But with the advent of “visually delicious” plain solids from a number of companies—Moda, Robert Kaufman, Clothworks, to name a few—my rocky relationship has turned into infatuation. I never thought I would feel this way, but I’m crazy about solids!

I wanted to develop a third version of my “Brushed Metal” quilt (you saw the first two colorways in earlier posts). I began by taking stock of what I had in the way of solids. Not enough, of course, so I headed to a local shop for more. To make the design process easier, I cut strips from all the possibilities and pinned them to my design wall. I love this approach because once you cut everything, knowing that you may need to cut more, assembling the blocks goes quickly. I like this image—it looks like “color DNA” to me.2a just stripsMy plan was to create blocks that featured a center print surrounded by narrower and wider rectangles of color. This funky-flower print is by Kim Schaefer.E funky flower cen lighter stripsI didn’t try to match the colors in the prints and solids—you’ll make yourself crazy doing that. But I chose solids that had something in common with the center fabric. The far right strip is red-violet, for example, while the violet in the print is a truer violet. These differences make the block richer and more original.

Here’s the same combination of solids, with a gray-and-white center. Love those neutral dots!F gray dot enter 2From there I moved on to a block with “swizzle stick” borders, my term for skinny strips. I have a simple method for inserting these strips without the “unpleasantness” of bulky seam allowances. (Notice that the skinny strips are from the same Kim Schaefer print as the first block.)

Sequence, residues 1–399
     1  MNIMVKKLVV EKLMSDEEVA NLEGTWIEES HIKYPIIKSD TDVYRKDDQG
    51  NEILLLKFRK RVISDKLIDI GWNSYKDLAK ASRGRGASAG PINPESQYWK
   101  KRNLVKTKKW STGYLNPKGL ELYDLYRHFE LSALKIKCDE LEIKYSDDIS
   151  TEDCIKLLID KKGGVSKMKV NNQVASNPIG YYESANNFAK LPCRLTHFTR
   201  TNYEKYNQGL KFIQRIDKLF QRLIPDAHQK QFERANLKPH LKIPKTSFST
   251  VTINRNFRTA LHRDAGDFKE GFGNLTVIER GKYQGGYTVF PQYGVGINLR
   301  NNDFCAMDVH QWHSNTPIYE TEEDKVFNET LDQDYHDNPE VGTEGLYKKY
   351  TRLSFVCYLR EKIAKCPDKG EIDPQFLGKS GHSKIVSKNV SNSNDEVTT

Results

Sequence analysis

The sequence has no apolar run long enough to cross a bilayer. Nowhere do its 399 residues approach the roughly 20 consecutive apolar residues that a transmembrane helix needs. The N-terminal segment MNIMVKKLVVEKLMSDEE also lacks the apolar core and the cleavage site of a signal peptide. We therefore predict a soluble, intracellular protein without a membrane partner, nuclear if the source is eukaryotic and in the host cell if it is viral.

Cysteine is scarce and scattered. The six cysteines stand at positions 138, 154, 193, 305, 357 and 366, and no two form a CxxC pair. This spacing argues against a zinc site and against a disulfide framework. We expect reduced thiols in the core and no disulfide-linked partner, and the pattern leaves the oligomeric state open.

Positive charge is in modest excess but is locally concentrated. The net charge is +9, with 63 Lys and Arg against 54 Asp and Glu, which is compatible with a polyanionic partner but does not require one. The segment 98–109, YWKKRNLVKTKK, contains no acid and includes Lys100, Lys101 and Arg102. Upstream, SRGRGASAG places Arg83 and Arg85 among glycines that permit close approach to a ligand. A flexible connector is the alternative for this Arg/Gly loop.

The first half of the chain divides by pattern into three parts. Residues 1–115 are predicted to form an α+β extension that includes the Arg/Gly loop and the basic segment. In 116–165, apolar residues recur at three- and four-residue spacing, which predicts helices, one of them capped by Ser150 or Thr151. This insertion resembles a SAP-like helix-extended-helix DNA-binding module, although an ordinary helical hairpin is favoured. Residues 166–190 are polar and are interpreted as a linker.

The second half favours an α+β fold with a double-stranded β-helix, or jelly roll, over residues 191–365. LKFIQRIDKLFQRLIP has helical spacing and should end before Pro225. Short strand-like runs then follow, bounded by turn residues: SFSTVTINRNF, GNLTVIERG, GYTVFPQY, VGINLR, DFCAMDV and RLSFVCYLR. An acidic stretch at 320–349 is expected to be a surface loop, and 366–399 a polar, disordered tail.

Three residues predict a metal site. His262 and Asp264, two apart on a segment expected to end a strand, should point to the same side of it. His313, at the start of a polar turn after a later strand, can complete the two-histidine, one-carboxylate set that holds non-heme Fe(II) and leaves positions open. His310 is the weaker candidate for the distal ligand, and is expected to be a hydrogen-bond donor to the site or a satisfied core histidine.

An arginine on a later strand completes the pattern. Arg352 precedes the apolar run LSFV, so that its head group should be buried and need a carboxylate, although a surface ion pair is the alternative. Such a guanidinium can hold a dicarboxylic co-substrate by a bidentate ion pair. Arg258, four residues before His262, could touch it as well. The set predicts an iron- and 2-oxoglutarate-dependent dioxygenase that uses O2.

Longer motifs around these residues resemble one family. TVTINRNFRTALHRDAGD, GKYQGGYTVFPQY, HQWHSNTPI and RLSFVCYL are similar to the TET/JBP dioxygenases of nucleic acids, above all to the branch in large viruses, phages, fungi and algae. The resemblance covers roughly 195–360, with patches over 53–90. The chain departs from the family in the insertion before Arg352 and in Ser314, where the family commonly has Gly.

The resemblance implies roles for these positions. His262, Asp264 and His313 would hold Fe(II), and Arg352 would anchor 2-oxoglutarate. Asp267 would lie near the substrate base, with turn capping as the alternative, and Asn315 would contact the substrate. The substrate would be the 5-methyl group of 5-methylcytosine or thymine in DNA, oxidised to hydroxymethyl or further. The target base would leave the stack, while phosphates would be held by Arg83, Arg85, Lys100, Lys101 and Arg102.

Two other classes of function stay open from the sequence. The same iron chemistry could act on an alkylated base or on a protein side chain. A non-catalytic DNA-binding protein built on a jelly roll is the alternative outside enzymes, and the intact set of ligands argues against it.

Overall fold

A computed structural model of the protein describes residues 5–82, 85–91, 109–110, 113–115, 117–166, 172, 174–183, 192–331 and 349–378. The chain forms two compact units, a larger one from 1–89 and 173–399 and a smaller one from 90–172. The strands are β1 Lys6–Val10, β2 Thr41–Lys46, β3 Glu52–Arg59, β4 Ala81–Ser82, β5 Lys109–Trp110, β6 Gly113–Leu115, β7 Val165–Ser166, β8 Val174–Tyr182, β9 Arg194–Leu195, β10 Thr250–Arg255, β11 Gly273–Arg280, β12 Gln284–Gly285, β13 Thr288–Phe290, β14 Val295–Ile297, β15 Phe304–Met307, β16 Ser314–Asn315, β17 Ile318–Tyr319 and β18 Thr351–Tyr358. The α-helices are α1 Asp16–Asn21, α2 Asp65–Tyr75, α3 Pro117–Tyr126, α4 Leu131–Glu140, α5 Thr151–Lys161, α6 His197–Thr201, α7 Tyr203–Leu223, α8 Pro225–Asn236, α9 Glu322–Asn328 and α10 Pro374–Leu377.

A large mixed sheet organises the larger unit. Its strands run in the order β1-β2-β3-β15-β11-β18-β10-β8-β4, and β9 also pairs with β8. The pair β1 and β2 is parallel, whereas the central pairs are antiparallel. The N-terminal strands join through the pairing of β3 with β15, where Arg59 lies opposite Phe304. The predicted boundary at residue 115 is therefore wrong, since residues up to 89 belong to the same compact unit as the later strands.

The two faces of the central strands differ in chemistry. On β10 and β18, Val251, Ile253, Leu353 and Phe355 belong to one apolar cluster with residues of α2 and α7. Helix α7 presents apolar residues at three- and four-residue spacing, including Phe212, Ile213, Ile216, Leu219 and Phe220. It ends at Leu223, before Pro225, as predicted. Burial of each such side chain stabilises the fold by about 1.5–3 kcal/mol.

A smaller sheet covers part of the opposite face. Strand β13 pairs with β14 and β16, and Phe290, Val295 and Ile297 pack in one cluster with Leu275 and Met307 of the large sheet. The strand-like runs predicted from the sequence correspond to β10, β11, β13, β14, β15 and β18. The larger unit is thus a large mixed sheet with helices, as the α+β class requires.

D original If you’ve seen my quilts, you know that I have an ongoing love affair with stripes. This Kaffe Fassett stripe fit perfectly into the block design. It also gives this very symmetrical block a bit of asymmetry.A AmishMoving right along—can you tell how much fun these blocks were to make?—I combined a wavy stripe with solids. Again, I didn’t attempt to match colors in the print and the solids, but the colors are related. B 1 citron plain centerThen I had to try the block with the wavy pattern running vertically and with skinny strips from the gray-and-white dot. When I cut the strips, I centered the white dots to create the illusion of a striped fabric. I like the crispness the skinny strips add to the block.B .citron with gray dot sqizzleJPGI have no idea which blocks I’ll use in the quilt—there are more combinations waiting to be discovered. But I do plan to use nine blocks and set them with sashing strips and cornerstones. To give you an idea of the design, here are four of my favorites, with that gray dot as cornerstones:

Blog mock up, 5-30-14I’m still searching for a light-value sashing fabric, not too light, not too busy. I’ll show you the finished quilt when I find the perfect fabric. Until then, consider plain solids and patterned fabrics—it’s a winning (and colorful) combination!

p.s. This basic block works beautifully for luminosity and luster, the focus of my retreat workshop.